While having employees allows you to grow a car wash business there is also a huge downside due to having a largely all cash business. Most owners just trust their people, get sloppy and make crooks out of usually honest people. This even includes hiring the proverbial “trusted family member”. If you have cash that an employee has access to then they can and will eventually steal. How should you handle and minimize car wash employee theft?
As a small car wash operation, it’s easy to be the only one to personally handle the cash, but this system will limit the ability to grow. No owner is immune to employee theft, regardless of systems in place. The best you can do is hire good people, take care of them properly and fairly, and put good accounting systems in place. But it will never be foolproof.
You’ll never find perfect help in any industry. If you can get someone to show up not drunk and do the job about 85% of the way that you would do it, you’ve done well. Nobody is going to do it as fast or as good as you since this is your investment and not theirs. In addition it is hard to keep people motivated while working at minimum wage.
The guys that are the best help are using retirees, usually people who grew up doing an honest day’s work and taught how to be respectful at a young age. The only “kid” we’ve tried actually came in, punched his time card and left again, only to come back and punch out. That was if he didn’t spend all day playing his Game Boy.
If employees can access the wiring, they can disconnect non-resettable counters without disabling the bay functions, which is easily done if you have a predictable schedule. They can tell customers that a particular coin acceptor is eating coins, and to pay them directly instead and they will manually turn the bay on just like they do when they are washing it down.
Cameras are a good first line of defense. You can use the camera for remote viewing anywhere you have an internet connection (including your cell phone). A small cam should be set at the rear of coin changers, outside vault and the equipment room. They are easily set up to turn on only when there is movement, saving time to review video.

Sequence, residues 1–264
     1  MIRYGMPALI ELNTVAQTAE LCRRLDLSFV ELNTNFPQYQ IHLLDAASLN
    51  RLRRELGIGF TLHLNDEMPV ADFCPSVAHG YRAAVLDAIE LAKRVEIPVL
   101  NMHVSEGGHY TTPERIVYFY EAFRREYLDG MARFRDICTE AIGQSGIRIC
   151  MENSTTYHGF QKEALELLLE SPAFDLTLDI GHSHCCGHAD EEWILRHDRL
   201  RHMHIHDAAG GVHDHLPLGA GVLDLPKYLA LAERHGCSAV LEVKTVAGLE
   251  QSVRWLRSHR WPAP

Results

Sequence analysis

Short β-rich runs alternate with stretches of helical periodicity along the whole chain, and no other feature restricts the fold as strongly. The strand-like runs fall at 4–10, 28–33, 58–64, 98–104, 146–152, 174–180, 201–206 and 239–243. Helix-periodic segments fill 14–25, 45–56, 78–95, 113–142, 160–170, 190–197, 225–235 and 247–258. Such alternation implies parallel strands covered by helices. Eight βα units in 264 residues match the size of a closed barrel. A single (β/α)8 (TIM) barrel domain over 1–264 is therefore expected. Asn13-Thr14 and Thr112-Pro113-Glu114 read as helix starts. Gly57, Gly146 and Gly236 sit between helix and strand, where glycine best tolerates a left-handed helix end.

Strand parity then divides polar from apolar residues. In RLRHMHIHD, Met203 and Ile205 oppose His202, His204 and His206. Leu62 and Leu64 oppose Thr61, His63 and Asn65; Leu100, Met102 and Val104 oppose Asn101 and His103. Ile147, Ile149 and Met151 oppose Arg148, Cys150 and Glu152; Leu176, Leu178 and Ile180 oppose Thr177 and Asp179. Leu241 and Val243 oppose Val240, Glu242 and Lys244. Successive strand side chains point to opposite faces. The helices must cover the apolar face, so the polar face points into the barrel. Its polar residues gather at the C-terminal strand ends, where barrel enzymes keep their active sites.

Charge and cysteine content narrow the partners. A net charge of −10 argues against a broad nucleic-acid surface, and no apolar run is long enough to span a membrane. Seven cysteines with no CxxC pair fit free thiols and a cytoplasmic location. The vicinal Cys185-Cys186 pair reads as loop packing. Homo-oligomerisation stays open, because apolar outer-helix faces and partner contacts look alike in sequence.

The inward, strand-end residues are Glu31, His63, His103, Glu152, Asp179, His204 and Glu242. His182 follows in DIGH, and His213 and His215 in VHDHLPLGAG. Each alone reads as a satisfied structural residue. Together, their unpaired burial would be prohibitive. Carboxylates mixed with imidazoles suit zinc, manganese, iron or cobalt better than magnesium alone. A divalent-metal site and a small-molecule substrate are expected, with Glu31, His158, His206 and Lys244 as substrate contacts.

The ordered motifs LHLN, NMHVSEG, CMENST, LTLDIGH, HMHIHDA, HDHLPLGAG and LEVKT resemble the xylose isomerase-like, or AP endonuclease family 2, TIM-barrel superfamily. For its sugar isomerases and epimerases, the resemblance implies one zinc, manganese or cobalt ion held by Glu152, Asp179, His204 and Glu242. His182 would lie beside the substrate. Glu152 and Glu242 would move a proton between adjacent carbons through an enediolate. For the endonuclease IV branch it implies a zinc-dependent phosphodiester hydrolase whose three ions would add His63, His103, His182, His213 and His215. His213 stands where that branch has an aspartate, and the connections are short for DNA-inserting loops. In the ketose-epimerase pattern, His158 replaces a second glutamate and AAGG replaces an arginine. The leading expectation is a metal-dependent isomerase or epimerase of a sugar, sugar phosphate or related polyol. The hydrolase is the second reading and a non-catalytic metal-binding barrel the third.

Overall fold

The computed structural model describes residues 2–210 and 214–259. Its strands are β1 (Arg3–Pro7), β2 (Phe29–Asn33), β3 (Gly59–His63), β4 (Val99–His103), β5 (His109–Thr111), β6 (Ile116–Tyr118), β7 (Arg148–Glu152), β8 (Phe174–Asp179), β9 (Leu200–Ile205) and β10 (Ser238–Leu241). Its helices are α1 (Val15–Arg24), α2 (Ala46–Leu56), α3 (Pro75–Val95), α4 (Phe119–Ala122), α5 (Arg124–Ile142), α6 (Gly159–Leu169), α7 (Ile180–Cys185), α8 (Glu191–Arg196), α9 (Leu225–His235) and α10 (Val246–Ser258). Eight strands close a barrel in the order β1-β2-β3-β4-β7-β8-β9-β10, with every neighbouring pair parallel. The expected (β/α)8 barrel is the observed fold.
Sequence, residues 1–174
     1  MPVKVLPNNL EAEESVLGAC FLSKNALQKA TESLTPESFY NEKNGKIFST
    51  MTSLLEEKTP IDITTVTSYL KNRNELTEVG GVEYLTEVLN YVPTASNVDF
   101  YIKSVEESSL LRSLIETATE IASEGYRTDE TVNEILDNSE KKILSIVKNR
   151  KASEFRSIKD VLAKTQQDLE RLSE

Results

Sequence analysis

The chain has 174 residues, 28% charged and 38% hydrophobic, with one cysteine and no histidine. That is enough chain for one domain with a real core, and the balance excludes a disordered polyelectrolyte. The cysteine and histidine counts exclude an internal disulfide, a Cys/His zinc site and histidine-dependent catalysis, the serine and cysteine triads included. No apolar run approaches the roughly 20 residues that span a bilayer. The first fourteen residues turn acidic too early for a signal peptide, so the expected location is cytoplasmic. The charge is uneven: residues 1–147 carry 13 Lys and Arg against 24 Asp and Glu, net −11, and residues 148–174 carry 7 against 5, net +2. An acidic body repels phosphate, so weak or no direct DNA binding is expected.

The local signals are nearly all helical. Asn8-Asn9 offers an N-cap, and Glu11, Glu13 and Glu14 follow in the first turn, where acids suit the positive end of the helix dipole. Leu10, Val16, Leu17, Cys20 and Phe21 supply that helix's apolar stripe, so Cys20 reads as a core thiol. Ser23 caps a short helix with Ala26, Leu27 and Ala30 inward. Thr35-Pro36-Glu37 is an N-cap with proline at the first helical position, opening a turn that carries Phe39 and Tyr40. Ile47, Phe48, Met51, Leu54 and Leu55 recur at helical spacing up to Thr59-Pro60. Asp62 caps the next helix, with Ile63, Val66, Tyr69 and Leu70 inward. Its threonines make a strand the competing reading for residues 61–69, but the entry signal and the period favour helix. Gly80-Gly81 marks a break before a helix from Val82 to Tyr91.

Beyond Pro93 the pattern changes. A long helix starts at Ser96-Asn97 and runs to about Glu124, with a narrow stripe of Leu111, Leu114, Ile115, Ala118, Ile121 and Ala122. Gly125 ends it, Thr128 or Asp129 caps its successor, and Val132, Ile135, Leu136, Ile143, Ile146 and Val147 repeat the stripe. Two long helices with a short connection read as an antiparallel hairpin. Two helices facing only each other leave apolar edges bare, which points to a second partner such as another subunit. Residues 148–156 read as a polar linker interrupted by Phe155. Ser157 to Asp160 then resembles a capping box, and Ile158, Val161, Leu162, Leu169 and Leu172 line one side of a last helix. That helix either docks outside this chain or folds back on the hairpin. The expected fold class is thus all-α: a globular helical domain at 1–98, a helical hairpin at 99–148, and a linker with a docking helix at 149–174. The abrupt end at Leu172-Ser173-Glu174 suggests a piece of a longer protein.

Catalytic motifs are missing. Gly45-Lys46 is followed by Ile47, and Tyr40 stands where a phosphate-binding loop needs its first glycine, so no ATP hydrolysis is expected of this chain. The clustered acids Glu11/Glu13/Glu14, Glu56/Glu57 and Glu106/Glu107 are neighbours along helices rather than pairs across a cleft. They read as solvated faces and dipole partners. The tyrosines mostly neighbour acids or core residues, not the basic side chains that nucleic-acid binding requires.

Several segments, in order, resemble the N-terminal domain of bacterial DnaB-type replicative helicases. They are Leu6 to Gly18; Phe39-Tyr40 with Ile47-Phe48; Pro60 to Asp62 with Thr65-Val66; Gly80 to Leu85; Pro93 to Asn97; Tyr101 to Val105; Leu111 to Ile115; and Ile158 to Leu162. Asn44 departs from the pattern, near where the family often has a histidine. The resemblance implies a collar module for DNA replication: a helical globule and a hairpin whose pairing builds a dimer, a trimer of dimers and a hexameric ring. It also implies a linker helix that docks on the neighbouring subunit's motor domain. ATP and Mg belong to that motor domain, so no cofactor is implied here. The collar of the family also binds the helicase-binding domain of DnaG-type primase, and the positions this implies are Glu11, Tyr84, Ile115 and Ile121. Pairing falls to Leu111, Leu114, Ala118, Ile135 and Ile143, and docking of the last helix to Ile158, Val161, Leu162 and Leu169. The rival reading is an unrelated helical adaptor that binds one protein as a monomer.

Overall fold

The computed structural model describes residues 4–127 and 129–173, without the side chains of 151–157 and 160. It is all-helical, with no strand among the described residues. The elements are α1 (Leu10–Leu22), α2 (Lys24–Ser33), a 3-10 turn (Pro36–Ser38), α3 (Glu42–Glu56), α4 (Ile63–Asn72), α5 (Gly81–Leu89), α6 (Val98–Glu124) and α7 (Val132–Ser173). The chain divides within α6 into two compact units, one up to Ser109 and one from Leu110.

Next you must keep an exact count of your money. This is where most business owners slip up on, not just car washes. It’s easy to be lax when a lot of money seems to be coming in, but you need to make sure it is all really reaching you. Make sure that at a minimum the bays have timers that accumulate a count for every coin deposited. At the end of each day/week add up the timers, empty all of the vaults and the numbers should be similar. For equipment that does not have digital timers make sure you are the only one with a key to the vault. If your wash doesn’t have systems in place you can also “salt” the changers. If you suspect missing bills, leave some in there where you make some inconspicuous marks and make sure they are there when you next empty them.
There are also computerized tracking systems available that allow an owner to precisely monitor cash flow. There are “off-the-shelf” systems for carwashes such as AccuTrac and GinSan’s DATAMate are designed to track pulse by pulse, coin by coin, dollar by dollar, minute by minute while allowing/tracking bay wash down time. Some other neat features include:
- Receiving every pulse from every coin acceptor, counts it, and sends it back to the timer.
- Wash down feature that forces the attendant to punch in their code and use a garage door opener to turn on the bay they wish to wash down. Only high pressure rinse, and the PLC limits the time and records who, when, and which bay.
- Monitors the bill changer level.
- Accounting for the bays and vacuums by day and month this year and last year and by batch. The batch resets when the money is collected. • All functions and reports remotely available via the internet without a PC on site.
- When the last coin was deposited at each device which should prevent wire tampering.
Last be sure to let employees know that you are accounting for all of the money coming in and you will notice anything missing. Just letting them know you are watching can largely minimize car wash employee theft. Even conspicuously leaving a clipboard that accounted for all the money on a table in the equipment room lets employee see that every dollar and every quarter was being noticed. It only takes a couple of minutes a visit to write down the information necessary to account for everything.